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Proverbs 11:15

Whoever puts up security for a stranger will surely suffer harm,

but he who hates striking hands in pledge is secure.

I don't really understand 2 phrases: "put up security for a stranger" and "striking hands in pledge".

Put up security for a stranger

According to this answer 1:

"Putting up security for a stranger" meant providing a pledge for someone else's loan.

But according to this page, "Pledge" means loan. 2

So from 1 and 2 --> providing a loan for someone else's loan... mmm...??? So does "Putting up security" mean "give someone money and expect he will pay this money back later"?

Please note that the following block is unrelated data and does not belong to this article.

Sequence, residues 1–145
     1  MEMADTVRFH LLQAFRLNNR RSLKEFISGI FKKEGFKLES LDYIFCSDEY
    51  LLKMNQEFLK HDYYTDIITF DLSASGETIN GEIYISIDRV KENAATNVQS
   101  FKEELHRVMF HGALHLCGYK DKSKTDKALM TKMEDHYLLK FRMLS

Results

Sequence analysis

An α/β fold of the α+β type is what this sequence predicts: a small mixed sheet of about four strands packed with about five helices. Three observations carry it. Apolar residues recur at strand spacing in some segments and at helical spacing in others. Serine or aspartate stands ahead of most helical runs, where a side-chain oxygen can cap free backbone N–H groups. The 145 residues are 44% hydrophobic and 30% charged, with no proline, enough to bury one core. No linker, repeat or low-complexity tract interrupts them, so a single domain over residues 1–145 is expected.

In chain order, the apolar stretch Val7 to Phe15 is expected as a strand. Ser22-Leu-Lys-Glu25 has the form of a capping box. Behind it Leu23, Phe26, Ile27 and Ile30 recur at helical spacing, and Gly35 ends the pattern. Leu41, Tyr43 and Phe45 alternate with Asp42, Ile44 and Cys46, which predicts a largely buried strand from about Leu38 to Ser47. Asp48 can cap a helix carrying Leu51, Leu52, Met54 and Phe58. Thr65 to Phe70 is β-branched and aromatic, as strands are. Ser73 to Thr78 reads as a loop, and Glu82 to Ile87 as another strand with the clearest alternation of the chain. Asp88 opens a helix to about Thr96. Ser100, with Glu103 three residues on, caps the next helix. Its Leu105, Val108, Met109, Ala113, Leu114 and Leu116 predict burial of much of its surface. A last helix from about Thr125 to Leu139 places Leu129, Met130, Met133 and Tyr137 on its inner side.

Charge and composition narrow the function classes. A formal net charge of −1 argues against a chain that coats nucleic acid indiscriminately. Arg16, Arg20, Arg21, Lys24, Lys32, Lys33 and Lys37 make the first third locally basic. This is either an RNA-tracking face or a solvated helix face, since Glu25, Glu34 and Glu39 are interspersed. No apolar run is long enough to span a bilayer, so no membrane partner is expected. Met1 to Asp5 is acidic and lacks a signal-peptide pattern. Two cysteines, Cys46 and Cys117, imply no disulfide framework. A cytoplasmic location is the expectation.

And what about "stranger"

Proverbs 20:16

Take a man’s garment when he has put up security for a stranger,

and hold it in pledge when he puts up security for foreigners.

Proverbs 27:13

Take a man’s garment when he has put up security for a stranger,

and hold it in pledge when he puts up security for an adulteress.

So I know that stranger is not foreigner & adulteress, but how can I define a stranger?

Does Proverbs 11:15 means that if you don't take the stranger’s garment when you has put up security for this stranger, you will surely suffer harm?

striking hands in pledge

Does this mean using violence to get back the money that we give someone as a loan? Or this mean the violent people who ask us for money?